18 GNP vs. GDPGross National Product (GNP): total income earned by the nation’s factors of production, regardless of where locatedGross Domestic Product (GDP): total income earned by domestically-located factors of production, regardless of nationality.(GNP – GDP) = (factor payments from abroad) – (factor payments to abroad)
19 In your country, which would you want to be bigger, GDP or GNP? Here’s a Question:In your country, which would you want to be bigger, GDP or GNP?Why?
20 (GNP – GDP) as a Percentage of GDP, Selected Countries, 2002 For the U.S., GDP and GNP are very close. Thus, students may not realize why we bother teaching them the difference.The data on this slide makes clear that the difference is very important for many countries.Source: World Bank.
21 Real vs. Nominal GDPGDP is the value of all final goods and services produced.Nominal GDP measures these values using current prices.Real GDP measure these values using the prices of a base year.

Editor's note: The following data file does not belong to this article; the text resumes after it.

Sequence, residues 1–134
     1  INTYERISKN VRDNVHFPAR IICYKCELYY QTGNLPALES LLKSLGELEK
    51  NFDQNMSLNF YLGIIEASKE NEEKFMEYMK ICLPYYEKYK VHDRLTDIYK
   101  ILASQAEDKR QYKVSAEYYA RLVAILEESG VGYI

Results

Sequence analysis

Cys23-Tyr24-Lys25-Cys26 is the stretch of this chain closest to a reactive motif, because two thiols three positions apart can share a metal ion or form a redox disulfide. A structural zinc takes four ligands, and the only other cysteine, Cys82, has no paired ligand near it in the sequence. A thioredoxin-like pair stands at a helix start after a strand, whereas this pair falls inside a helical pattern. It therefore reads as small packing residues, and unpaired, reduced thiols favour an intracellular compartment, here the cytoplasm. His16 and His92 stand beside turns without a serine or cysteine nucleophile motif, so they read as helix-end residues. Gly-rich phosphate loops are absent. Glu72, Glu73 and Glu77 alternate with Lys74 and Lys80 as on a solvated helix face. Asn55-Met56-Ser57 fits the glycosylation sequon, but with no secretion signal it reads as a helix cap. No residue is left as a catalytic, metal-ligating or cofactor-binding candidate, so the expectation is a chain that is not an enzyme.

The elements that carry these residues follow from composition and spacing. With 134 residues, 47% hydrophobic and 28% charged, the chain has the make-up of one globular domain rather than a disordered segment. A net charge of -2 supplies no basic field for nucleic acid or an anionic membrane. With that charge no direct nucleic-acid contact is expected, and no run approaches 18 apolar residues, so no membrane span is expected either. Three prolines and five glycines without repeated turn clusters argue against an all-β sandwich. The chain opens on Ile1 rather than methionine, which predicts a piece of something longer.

22 Real GDP controls for inflation Changes in nominal GDP can be due to:changes in priceschanges in quantities of output producedChanges in real GDP can only be due to changes in quantities,because real GDP is constructed using constant base-year prices.
23 Practice Problem Compute nominal GDP in each year 200220032004PQgood A$30900$311,000$361,050good B$100192$102200205Compute nominal GDP in each yearCompute real GDP in each year using 2002 as the base year.
24 Answers to 1Nominal GDP multiply Ps & Qs from same year 2002: $46,200 = $30 $100 : $51, : $58,300Real GDP multiply each year’s Qs by Ps 2002: $46, : $50, : $52,000 = $30 $100 205
26 GDP DeflatorThe inflation rate is the percentage increase in the overall level of prices.One measure of the price level is the GDP Deflator, defined as
27 Example Nom. GDP Real GDP GDP deflator inflation rate 2002 $46,200 100.0n.a.200351,40050,000102.82.8%200458,30052,000112.19.1%
28 Consumer Price Index (CPI) A measure of the overall level of pricesPublished by the Bureau of Labor Statistics (BLS)Used totrack changes in the typical household’s cost of livingadjust many contracts for inflation (i.e. “COLAs”)allow comparisons of dollar figures from different years